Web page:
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  2. The Secret Foster CarerTuesday, May 28, 2013

    Thanks for your comment B, you had a hard time. Well done for sticking with it, I'm sure you did a fantastic job. Contact needs to be right for the child, doesn't it? The amount of Contact, and the type of Contact needs a re-examination. The parents often need help and advice on how to behave towards their children.
    I have a feeling that the likeliest way to get Contact reduced, where it's right for the child, would be to tell governemnt they could make savings by reducing Contact.
    SFC

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  3. oh Contact - currently twice per week - oh what joy - hopefully - if judiciary system does its job then should reduce to 6 times a year imminently - BUT birth family, school and foster placement within a three mile radius - chance of "bumping" into parents - well, perhaps my foster carer colleagues would like to comment. HMMMMMMMM

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    1. The Secret Foster CarerThursday, May 30, 2013

      As a foster colleague I can only concur, being on the lookout for accidental meetings is draining. The one time it happened to me I was totally unprepared, didn't know what to say, how to play it, whether to call my Social Worker that instant, what to do? The thing that played in my mind for ages afterwards was wondering whether it was a massive coincidence or whether the family member had planned it. My SW put me right about that, it was coincidence. And actually it all turned out alright, much better than I'd expected, in fact, better than the average formal Contact.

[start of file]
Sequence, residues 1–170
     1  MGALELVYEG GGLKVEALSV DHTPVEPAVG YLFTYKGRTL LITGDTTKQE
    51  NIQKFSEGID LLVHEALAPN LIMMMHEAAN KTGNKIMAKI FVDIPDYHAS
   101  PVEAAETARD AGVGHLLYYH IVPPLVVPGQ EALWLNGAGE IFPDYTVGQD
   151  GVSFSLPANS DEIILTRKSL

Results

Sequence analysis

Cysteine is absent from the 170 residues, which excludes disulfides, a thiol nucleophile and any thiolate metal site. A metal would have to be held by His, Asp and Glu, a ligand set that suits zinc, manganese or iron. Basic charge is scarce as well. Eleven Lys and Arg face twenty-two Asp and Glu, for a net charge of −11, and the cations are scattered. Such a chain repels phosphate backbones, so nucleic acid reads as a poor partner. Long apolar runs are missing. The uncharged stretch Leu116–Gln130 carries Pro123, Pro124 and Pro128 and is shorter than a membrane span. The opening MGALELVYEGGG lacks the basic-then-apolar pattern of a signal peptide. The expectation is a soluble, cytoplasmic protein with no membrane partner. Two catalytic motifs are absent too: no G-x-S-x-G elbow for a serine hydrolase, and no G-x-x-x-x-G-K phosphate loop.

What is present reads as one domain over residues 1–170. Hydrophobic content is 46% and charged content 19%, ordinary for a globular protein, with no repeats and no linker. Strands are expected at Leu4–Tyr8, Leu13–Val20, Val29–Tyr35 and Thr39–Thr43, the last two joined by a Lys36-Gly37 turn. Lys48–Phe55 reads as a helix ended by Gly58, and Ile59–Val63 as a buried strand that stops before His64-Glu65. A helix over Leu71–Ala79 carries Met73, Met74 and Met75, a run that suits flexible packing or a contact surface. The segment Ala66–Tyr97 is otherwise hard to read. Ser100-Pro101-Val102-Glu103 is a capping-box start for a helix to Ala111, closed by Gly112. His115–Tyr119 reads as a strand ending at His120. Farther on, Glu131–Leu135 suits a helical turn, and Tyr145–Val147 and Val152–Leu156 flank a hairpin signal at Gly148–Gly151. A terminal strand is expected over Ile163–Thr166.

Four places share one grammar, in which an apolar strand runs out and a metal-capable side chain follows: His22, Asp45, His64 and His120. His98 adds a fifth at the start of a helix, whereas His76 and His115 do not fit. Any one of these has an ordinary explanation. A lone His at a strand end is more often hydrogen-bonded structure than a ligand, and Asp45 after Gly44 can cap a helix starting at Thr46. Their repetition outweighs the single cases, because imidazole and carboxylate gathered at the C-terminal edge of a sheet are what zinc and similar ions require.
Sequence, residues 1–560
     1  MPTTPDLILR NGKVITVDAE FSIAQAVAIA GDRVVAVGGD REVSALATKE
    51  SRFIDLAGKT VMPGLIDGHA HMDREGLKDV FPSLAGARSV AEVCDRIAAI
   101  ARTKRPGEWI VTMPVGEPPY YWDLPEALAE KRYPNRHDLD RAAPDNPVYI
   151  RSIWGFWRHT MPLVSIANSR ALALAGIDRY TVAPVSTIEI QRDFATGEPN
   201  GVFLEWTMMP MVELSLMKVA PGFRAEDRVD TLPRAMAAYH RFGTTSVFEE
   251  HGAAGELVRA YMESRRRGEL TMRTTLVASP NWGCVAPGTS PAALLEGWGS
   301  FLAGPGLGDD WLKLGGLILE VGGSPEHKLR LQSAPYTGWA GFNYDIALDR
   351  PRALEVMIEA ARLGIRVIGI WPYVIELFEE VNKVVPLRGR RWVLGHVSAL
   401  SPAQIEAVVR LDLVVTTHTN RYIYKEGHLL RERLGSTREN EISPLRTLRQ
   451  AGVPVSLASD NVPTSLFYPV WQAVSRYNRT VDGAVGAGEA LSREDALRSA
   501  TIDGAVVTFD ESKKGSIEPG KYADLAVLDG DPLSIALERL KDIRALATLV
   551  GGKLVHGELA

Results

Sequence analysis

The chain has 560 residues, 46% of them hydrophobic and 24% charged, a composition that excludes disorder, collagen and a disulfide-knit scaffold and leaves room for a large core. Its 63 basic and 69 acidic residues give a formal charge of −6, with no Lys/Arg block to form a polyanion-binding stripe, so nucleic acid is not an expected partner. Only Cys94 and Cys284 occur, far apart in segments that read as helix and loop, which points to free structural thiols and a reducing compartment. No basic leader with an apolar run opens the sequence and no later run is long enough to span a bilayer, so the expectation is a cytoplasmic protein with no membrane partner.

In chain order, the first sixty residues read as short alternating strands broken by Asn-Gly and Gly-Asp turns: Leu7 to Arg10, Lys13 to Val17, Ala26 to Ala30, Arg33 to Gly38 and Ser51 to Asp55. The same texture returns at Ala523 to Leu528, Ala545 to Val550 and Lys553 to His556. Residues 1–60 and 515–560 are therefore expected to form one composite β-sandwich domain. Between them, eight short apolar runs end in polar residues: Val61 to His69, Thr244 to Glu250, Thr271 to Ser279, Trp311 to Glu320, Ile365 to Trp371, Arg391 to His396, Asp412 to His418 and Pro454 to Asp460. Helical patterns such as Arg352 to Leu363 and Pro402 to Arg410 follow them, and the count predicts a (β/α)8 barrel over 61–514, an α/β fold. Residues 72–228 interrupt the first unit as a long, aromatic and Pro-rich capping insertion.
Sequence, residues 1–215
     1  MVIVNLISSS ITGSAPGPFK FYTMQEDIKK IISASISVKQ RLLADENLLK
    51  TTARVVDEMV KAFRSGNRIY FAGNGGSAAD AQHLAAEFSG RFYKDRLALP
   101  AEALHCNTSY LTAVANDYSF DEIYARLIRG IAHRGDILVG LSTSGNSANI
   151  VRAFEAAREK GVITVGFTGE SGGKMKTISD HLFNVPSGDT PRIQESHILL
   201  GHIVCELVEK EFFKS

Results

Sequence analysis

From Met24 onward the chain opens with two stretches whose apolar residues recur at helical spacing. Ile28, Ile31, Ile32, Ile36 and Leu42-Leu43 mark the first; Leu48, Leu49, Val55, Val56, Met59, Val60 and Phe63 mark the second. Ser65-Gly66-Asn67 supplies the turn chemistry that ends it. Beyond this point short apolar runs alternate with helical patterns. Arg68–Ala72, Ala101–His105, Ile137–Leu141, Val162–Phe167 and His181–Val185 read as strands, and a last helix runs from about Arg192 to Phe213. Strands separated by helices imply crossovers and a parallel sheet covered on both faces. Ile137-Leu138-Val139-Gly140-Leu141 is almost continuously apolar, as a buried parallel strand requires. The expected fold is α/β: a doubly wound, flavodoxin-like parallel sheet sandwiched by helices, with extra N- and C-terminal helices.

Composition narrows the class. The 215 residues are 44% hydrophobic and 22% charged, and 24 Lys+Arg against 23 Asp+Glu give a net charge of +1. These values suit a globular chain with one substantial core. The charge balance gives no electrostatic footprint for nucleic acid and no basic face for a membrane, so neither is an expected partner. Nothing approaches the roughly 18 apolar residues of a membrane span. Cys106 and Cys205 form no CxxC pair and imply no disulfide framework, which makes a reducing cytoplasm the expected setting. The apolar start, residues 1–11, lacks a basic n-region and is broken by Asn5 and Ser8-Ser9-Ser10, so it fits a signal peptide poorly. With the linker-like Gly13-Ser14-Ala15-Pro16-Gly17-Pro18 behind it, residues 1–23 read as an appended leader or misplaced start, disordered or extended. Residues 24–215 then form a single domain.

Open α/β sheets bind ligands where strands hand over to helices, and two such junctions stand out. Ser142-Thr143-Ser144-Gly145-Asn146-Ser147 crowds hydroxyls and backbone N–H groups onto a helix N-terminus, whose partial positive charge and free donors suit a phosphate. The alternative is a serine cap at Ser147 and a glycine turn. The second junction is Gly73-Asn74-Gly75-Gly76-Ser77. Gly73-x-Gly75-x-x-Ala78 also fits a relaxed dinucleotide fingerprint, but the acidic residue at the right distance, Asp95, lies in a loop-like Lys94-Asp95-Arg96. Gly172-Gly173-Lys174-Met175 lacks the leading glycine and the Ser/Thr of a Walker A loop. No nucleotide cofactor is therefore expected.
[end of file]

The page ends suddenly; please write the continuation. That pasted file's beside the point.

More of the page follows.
Rubbles, I hope you get the reduction you feel is right for the placement, good luck, stay in touch.
      SFC
      SFC

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    2. Like your other response there are safety issues, house is "flagged" for police urgent response - not yet resorted to panic alarm, but that may have to come.

      Thought contact was supposed to be a positive for the children - hmmmm - worrying that our experiences are not unique.

      When will the system be allowed to put the needs of the children first - promoting birth family contact may not be right for them - aaargh

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  4. I dont know about almost unheard of as we have injunctions against people to prevent them coming near our placement due to criminal issues - all very stressful

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    1. The Secret Foster CarerThursday, May 30, 2013

      It must be very stressful Anonymous. It's rare though, certainly in my experience, and Blue Sky agree. I hope you are getting good support, and that you appreciate how much your efforts are appreciated, not just by the wider community, but by individual fellow carers such as myself and others reading this, and above all of course, your placement. Keep it up, you must be wonderful.
      SFC